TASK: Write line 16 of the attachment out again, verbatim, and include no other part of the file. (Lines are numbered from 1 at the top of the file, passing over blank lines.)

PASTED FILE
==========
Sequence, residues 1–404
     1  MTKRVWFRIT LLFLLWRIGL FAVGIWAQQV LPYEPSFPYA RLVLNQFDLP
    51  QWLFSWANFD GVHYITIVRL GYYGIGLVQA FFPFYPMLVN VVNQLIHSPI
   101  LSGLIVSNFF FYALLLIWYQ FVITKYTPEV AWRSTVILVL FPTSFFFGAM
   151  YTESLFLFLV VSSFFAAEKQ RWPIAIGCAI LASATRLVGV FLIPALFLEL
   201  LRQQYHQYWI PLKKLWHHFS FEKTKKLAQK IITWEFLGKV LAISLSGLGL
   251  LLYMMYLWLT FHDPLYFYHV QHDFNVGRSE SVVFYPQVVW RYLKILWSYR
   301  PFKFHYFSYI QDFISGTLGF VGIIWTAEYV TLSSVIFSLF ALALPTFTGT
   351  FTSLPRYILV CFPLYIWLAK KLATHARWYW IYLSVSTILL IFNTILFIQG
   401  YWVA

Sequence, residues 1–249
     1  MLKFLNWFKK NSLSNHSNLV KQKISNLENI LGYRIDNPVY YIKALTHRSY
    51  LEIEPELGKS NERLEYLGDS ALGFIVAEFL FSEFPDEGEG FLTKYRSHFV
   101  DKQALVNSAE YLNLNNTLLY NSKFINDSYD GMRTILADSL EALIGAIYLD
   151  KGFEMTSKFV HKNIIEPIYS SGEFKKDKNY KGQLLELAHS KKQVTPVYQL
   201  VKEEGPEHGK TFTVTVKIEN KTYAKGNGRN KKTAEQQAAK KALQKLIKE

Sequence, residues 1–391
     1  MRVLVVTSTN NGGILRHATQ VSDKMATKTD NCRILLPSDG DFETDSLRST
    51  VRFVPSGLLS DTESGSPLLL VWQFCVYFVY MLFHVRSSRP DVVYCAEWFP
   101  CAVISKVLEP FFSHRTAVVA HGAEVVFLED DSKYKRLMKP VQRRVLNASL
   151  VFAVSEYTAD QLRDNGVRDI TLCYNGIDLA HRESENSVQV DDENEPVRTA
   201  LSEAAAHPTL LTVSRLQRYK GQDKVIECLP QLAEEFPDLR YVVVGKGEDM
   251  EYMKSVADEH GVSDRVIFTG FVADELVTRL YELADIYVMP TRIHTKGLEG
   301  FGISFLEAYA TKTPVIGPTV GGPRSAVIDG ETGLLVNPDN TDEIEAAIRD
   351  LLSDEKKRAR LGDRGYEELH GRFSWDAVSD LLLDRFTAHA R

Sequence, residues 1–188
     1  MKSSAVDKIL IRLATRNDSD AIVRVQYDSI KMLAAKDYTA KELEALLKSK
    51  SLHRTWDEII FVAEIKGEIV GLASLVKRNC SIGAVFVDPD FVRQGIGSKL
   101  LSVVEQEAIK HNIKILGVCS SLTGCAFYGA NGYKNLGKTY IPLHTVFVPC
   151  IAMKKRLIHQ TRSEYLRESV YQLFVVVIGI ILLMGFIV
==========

   201  VKEEGPEHGK TFTVTVKIEN KTYAKGNGRN KKTAEQQAAK KALQKLIKE